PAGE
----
Currently, six of the seven candidates have agreed to city spending/contribution limits, with only Coonerty breaking ranks.

"The incumbents are currently on TV and in the press all the time," says Coonerty. "As a challenger, you're at a huge disadvantage both philosophically and practically."

Meanwhile, challengers Fogel, a specialty painting contractor who describes himself as "pro-business," and Madrigal, a union representative/organizer who says he wants "to improve everyone's quality of life," plan to walk a lot of precincts instead.

Poets Know It


Asked why she'd accepted the invite, Browne, who teaches at Diablo Community College, emailed, "Too busy right now to be witty or pithy about the war. Too many students banging on the door to get into packed classes. People want to live and love and write poetry, despite the world going to hell in a hand-basket."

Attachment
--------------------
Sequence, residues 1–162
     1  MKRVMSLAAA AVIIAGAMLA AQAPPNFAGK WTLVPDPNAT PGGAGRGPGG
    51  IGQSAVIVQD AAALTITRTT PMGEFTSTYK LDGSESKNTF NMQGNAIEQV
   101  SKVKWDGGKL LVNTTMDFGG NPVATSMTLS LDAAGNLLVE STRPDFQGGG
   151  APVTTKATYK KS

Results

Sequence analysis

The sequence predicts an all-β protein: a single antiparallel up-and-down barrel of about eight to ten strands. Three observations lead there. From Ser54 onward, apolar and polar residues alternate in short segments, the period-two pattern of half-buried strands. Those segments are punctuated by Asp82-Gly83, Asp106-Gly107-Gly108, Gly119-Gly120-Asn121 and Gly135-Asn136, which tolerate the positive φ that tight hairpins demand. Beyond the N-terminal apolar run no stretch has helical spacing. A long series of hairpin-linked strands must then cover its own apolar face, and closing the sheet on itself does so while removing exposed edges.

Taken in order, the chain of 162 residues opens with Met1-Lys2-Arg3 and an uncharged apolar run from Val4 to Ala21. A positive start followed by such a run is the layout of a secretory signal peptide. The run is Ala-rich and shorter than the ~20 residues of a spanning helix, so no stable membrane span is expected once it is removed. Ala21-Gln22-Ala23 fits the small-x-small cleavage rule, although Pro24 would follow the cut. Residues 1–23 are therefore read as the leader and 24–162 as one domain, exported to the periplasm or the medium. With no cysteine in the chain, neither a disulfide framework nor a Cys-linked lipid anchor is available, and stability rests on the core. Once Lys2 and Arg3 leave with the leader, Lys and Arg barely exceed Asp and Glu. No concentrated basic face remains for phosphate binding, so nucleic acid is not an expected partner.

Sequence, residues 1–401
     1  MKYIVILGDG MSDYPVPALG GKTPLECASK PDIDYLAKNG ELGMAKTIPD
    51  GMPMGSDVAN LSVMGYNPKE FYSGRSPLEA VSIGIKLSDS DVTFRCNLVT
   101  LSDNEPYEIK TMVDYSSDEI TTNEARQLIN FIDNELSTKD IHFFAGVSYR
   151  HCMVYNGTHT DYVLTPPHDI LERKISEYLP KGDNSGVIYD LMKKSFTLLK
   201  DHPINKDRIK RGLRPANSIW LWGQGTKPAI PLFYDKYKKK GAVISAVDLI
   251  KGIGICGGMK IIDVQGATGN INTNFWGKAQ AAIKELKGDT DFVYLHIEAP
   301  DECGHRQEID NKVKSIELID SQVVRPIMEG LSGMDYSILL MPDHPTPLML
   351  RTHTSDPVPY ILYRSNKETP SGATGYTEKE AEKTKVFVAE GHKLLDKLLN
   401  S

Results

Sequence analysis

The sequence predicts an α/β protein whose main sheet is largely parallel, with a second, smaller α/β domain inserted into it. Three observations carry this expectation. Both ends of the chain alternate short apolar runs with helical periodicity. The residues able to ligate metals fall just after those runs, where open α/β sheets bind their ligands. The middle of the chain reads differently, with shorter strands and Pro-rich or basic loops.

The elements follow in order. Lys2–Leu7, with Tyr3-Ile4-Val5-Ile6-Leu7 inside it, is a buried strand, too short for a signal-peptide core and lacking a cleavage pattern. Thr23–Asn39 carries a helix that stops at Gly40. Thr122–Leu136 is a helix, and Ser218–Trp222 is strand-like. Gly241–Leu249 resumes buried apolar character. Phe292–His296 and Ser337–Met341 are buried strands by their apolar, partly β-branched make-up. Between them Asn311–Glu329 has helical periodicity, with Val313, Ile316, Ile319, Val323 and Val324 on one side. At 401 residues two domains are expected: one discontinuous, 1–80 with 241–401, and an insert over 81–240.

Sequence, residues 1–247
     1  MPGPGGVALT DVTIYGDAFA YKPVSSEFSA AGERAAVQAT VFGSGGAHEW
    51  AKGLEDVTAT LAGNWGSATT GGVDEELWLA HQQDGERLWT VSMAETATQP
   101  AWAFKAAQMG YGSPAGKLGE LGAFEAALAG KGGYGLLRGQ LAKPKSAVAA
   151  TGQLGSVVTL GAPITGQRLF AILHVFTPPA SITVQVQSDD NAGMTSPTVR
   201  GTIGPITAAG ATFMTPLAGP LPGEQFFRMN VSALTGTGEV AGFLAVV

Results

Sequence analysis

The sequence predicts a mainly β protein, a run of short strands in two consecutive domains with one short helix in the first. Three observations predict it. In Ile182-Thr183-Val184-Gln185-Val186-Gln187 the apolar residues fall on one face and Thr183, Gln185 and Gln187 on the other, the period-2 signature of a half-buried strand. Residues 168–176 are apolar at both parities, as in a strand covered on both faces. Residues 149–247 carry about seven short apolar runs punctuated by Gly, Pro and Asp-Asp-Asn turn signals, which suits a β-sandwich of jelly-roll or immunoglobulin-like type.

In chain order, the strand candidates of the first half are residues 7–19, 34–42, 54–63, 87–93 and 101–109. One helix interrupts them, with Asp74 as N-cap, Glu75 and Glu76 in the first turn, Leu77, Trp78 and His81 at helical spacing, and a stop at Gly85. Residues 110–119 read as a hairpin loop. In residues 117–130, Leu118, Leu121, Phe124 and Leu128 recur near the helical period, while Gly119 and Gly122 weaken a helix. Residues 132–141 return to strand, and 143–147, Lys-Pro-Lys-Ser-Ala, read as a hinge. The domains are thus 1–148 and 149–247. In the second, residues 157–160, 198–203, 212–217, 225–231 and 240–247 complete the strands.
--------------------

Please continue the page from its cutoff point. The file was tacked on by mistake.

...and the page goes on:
Young replied that he agreed to participate " because I believe it's important for honest, human voices to speak out over the monotonous drone of the media, most of which either tacitly or explicitly condone this illegal, immoral and supremely irresponsible military action."

And Sward said he accepted as "a Korean vet, who volunteered idealistically right out of high school in 1951 at age 18, so I really identify with the kids who went to Iraq and didn't know what they were getting into."

The event will be held on Saturday, Sept. 11, at 7pm at the Rio Theatre, 1205 Soquel Ave.